Federal judge overturns marriage definition in Oregon constitution
posted at 9:21 am on May 20, 2014 by Ed Morrissey
Remember when traditional marriage advocates put their trust in constitutional amendments to keep activist judges from unilaterally imposing a requirement to recognize same-sex marriage? In Oregon, that’s not ancient history; 60% of voters approved the constitutional amendment just ten years ago, when several states did the same thing in response to state courts changing the definition of marriage. The strategy didn’t last, as a federal judge overturned the clause in the state constitution — after the state refused to defend it:
A federal judge threw out Oregon’s same-sex marriage ban Monday, marking the 13th legal victory for gay marriage advocates since the U.S. Supreme Court last year overturned part of a federal ban.
State officials earlier refused to defend Oregon’s voter-approved ban and said they wouldn’t appeal.
The National Organization for Marriage sought to intervene, but both U.S. District Judge Michael McShane in Eugene and a federal appeals court rejected its attempts to argue in favor of the ban.
This is the same situation as Proposition 8 faced in California. In both cases, the state refused to defend a law in federal court despite having been passed by the voters in a fully legal manner. As I wrote last year in the Supreme Court decision on Prop 8, the refusal of the Oregon’s Attorney General to represent the voters of his state is a lot more troublesome than the decision itself:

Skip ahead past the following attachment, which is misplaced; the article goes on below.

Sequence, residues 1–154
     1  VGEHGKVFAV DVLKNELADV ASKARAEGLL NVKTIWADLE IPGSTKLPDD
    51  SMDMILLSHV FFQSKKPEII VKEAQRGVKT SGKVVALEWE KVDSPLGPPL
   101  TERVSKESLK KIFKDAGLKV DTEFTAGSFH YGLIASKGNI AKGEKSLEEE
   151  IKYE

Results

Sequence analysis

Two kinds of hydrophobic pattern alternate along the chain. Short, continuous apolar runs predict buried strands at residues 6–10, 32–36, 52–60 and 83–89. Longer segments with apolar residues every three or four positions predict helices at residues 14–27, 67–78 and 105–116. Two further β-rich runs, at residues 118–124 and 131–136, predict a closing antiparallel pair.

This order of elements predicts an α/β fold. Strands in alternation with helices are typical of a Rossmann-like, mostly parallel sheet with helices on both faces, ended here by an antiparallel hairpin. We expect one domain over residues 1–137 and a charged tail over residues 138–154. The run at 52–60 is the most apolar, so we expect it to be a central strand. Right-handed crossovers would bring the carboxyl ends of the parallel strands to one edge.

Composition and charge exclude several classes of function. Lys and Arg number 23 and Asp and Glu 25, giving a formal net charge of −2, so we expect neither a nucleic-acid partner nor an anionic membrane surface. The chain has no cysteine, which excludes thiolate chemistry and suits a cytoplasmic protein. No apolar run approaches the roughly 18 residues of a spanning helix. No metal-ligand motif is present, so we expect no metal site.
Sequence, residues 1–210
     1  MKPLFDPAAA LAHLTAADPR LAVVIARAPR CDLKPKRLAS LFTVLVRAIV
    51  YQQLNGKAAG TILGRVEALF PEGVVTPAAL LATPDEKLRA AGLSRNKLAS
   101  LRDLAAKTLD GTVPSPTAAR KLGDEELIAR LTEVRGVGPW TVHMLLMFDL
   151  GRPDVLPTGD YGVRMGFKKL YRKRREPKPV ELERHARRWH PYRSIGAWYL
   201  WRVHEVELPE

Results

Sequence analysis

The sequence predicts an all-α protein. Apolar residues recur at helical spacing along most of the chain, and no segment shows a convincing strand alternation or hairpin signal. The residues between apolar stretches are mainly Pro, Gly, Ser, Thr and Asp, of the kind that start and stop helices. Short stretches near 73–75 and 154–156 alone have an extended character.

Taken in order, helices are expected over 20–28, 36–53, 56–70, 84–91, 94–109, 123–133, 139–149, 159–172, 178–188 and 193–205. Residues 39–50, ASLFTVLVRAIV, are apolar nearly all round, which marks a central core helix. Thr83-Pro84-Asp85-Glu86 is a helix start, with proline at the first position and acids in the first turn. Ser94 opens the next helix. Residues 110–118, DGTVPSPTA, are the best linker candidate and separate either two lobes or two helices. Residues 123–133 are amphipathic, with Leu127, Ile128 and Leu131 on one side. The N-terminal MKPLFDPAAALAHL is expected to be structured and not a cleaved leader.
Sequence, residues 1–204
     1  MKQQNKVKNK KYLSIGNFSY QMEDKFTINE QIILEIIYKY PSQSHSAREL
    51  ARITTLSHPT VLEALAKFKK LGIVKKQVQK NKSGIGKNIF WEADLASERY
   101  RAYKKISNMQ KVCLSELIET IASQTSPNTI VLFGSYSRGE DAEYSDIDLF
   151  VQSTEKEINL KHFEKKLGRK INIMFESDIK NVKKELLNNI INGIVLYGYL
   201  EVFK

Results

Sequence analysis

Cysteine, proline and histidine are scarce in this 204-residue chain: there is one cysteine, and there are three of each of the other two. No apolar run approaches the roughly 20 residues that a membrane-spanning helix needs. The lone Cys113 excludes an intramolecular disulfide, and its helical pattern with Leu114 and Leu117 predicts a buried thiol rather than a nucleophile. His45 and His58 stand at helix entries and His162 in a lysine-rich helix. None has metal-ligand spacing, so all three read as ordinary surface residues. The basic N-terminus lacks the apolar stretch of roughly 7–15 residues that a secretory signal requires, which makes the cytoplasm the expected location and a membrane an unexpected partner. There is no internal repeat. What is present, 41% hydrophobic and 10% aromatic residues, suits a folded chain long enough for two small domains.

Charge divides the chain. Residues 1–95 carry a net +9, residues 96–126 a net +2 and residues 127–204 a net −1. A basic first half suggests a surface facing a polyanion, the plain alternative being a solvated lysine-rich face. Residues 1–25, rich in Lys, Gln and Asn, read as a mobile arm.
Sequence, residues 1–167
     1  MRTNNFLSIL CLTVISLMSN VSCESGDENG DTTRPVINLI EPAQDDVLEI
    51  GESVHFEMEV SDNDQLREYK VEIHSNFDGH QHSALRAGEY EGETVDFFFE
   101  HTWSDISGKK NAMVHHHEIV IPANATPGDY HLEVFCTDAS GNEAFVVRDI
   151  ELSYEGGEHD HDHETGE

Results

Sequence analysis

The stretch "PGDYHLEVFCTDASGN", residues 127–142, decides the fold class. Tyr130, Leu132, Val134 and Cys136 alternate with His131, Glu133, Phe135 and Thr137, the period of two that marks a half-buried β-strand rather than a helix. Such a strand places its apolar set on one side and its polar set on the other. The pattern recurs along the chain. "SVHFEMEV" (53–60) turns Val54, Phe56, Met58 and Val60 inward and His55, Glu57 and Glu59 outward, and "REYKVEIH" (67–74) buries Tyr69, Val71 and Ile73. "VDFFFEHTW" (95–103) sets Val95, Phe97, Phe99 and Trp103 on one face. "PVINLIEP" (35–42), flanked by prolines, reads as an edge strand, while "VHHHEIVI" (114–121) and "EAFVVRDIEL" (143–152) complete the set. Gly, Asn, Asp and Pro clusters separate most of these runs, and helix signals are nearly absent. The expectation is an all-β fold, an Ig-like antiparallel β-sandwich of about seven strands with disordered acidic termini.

The voters in California amended the state constitution by referendum legally, to define a legitimate government policy regarding the recognition of marriage. The court is making the case that this is a matter for California to settle, not the federal courts, and there is a very good case to make there. However, the effect of this is to overturn an election whose legality was never in doubt just because some people didn’t like the outcome. That to me is a more dangerous outcome than a precedent-setting decision on standing.
In this case, the issue was settled by the voters. Oregon voters still had the opportunity to change their definition of government-recognized marriage through the same mechanism of a referendum or legislative action to amend the state constitution themselves, if they changed their mind on the issue. And again in this case, the Attorney General is the people’s lawyer, their legal representative as well as their top law-enforcement officer. If the state’s elected lawyer doesn’t want to represent the people in court, then he or she should resign and let someone else take the job. The people deserved to be represented in court by their paid attorney, whether the AG liked the law or not.
If attorneys argue — correctly — that rapists and murderers deserve a defense, then why should that be denied to the people of Oregon and California?